The Odyssey Homers Odyssey is one of the finest examples of ancient Greek literature. Along with Iliad it represents an ultimate expression of ancient spirit, which it its turn, enabled Greek civilization to reach the cultural heights that we still use as standard, while assessing the cultural legacy of our own Western culture. Modern historians doubt whether the same author wrote these two epic masterpieces. The main reason for this is the fact that Odyssey, stylistically and conceptually, is much different from Iliad. First one is a high tragedy, its storyline based on the events of Trojan War. The style of this poem is very noble and there is no place for petty human weaknesses.
But in Odyssey author uses different approach the main character of this poem, Odysseus, has all the features of character that we usually attribute to regular human being. Although, he is frequently in contact with Olympian Gods, we see his character in constant transformation. His attitude changes, as he is being put through numerous trials and tribulations on his way home. Odyssey tell us a story of regular person, who will use his brain to succeed in situations, where using naked force would lead to failure. This implies a great flexibility of Odysseus character. Right at the beginning, Homer outlines the story of his hero as man in transformation: Sing to me of the man, Muse, the man of twists and turns driven time and again off course, once he had plundered the hallowed heights of Troy. Many cities of men he saw and learned their minds, many pains he suffered, heartsick on the open sea, fighting to save his life and bring his comrades home.
... thieves and outlaws. The Cyclops is a gullible character. First off, the Cyclops believes Odysseus when ... the epic. Odysseus faces many enemies throughout The Odyssey one of them being, the Cyclops, also ... Moreover, he accepted wine from Odysseus and his men, people he was continuously torturing. "Three bowls ... Also, the Cyclops leaves Odysseus and his men, who were complete strangers to him, alone ...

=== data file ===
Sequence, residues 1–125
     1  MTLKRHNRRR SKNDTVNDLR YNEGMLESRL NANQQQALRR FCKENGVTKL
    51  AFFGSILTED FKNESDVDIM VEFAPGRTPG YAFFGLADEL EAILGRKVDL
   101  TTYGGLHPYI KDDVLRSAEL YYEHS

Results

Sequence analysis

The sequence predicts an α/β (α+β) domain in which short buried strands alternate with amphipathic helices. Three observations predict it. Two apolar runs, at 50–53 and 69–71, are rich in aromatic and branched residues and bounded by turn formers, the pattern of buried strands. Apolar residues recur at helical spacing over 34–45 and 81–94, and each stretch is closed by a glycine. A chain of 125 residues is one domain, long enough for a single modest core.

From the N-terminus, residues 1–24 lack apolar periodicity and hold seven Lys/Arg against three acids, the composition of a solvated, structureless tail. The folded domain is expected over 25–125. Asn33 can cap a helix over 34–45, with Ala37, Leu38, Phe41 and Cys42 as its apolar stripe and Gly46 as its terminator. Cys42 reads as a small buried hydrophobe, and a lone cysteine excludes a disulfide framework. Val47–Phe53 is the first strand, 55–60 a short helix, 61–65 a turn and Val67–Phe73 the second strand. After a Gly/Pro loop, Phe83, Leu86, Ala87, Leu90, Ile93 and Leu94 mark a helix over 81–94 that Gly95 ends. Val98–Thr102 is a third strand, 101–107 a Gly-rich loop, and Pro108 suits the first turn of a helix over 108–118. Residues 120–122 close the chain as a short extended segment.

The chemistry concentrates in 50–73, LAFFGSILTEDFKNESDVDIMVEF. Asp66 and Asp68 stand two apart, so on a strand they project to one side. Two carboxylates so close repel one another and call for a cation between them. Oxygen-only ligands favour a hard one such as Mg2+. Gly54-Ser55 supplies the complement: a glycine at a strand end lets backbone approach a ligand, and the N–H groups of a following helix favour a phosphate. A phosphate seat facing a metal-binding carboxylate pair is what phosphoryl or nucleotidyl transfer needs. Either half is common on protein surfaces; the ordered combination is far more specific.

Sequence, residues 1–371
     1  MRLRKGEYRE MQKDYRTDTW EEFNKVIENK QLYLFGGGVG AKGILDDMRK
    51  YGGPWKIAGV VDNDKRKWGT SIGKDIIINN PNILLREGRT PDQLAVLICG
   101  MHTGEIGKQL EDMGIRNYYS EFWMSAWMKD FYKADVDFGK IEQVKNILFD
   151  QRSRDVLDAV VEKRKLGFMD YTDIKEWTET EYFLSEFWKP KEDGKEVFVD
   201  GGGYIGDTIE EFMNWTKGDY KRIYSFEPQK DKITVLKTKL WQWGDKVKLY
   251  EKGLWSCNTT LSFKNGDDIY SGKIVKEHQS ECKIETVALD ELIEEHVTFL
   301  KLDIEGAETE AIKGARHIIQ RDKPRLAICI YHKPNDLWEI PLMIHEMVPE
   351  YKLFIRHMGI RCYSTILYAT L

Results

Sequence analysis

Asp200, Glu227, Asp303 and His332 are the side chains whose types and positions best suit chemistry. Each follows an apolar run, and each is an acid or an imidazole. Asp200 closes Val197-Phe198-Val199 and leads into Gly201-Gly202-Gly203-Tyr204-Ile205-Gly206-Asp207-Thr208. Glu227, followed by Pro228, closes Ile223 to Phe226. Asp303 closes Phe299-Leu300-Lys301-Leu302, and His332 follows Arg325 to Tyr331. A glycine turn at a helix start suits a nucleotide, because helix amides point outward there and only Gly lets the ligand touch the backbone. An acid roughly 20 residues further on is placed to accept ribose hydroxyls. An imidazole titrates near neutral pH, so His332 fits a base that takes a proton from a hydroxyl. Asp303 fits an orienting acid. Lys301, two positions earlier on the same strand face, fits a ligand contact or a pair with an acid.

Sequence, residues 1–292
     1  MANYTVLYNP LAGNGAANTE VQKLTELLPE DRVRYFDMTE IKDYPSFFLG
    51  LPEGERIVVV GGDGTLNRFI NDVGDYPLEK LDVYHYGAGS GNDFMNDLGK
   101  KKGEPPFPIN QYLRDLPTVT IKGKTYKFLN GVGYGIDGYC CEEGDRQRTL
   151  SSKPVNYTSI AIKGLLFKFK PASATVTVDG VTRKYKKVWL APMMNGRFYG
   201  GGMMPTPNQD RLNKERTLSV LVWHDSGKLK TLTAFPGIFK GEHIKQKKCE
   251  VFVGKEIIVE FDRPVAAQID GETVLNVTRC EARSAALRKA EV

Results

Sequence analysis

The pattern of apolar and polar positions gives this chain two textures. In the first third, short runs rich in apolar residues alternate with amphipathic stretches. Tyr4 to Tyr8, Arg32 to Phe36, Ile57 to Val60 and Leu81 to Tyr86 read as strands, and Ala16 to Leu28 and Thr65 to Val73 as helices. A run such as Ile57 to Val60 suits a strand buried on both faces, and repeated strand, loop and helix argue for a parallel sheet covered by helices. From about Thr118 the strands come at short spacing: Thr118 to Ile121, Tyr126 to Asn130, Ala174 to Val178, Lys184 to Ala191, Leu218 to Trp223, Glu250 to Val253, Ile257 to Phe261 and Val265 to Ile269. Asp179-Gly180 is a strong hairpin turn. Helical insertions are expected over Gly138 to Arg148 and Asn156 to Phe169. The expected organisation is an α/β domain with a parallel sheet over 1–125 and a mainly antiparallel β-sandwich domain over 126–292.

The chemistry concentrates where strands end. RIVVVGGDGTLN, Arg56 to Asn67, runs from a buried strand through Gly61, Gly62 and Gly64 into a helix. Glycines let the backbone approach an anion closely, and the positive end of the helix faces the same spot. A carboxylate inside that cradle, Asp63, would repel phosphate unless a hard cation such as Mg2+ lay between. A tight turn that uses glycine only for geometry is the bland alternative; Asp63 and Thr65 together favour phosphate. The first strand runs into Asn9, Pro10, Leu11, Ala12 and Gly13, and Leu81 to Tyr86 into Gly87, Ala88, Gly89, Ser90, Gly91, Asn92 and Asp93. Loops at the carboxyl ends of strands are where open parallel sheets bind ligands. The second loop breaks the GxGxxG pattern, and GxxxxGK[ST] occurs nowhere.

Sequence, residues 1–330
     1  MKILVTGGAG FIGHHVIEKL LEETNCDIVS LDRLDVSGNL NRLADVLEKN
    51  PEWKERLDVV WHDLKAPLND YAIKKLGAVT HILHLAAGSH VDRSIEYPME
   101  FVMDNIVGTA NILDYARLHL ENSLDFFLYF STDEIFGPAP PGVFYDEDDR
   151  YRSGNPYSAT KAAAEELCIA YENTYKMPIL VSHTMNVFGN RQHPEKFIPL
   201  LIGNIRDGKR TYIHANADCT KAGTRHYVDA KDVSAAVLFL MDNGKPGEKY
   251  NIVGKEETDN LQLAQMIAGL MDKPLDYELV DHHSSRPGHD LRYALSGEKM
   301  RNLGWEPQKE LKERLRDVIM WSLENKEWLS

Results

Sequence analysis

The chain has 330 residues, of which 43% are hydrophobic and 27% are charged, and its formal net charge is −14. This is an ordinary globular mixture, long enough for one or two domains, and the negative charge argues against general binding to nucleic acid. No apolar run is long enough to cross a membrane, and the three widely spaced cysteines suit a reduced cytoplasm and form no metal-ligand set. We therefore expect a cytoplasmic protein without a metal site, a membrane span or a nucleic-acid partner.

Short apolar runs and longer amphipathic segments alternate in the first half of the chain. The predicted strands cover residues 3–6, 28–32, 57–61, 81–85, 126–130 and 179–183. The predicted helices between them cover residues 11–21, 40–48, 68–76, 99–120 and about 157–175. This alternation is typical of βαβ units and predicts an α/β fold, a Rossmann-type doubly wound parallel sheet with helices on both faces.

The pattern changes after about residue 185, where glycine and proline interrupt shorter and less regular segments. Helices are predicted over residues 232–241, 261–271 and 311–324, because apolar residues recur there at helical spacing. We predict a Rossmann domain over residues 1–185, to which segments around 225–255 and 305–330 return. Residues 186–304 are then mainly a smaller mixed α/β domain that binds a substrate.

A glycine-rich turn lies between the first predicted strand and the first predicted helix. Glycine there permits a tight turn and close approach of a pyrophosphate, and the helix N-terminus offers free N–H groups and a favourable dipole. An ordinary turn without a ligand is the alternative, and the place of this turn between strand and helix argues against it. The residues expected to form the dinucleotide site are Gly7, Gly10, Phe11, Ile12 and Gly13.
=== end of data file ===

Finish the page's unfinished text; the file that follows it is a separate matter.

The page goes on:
(Book 1, p. 1-2) Odysseus, just as any human, faces an uneasy choices. At times, it seems like the nature itself creates obstacles for him on his way home. Yet, being an epic character, Odysseus never gives up, his goal of reuniting with his wife and son has to be reached at any cost. After having realized that he is being confronted with Olympic gods, whore actively trying to prevent him from coming home, Odysseus never changes his objectives. He will go as far as denying their authority, in the major act of transgression.
He is a man of morals, but only as long as they serve him and he never hesitates breaking them, when he cant do otherwise, while trying to get what he wants. The massacre of suitors, upon his arrival home, shows him ruthless and pitiless. He fully deserves having his name associated with pain, which is not only something he experiences throughout his journeys, but also what he inflicts upon others: Just as I have come from afar, creating pain for many men and women across the good green earth so let his name be Odysseus . . . the Son of Pain, a name hell earn in full.
(Book 19, p.460) Odysseus is also susceptible to temptations – while swimming by the Sirens island, he had to be tighten down to the ships mast, because Sirens heavenly singing would otherwise cause him to jump out in the waters and lose his life. Still, the ultimate temptation comes to Odysseus when Calypso ask him to stay with her and, in exchange, she offers him immortality: But if you only knew, down deep, what pains are fated to fill your cup before you reach that shore, youd stay right here, preside in our house with me and be immortal (Book 5, p.223) Still, Homers hero remains loyal to his wife, although it wasnt easy for him The ideas of transformation, transgression and temptation are very crucial in Odyssey through them, author helps us to understand our own subconscious motivations and anxieties. Because of this, we can consider Odyssey, as being probably the first attempt of psychological analysis by the means of poetry.
Homer: The Odyssey. Translated by Fitzgerald R. Garden City, NY, Anchor/Doubleday, 1961.
1. Does the Odysseus of these books seem different in character from the Odysseus of Books V - XII? If so, why? In the books 5 to 12 Odysseus' character does not really undergo any transitions from one facet to another. Odysseus still carries the same attributes and traits right through to the end of the story. It is, however, evident in book 22, when Odysseus takes his revenge upon the suitors, ...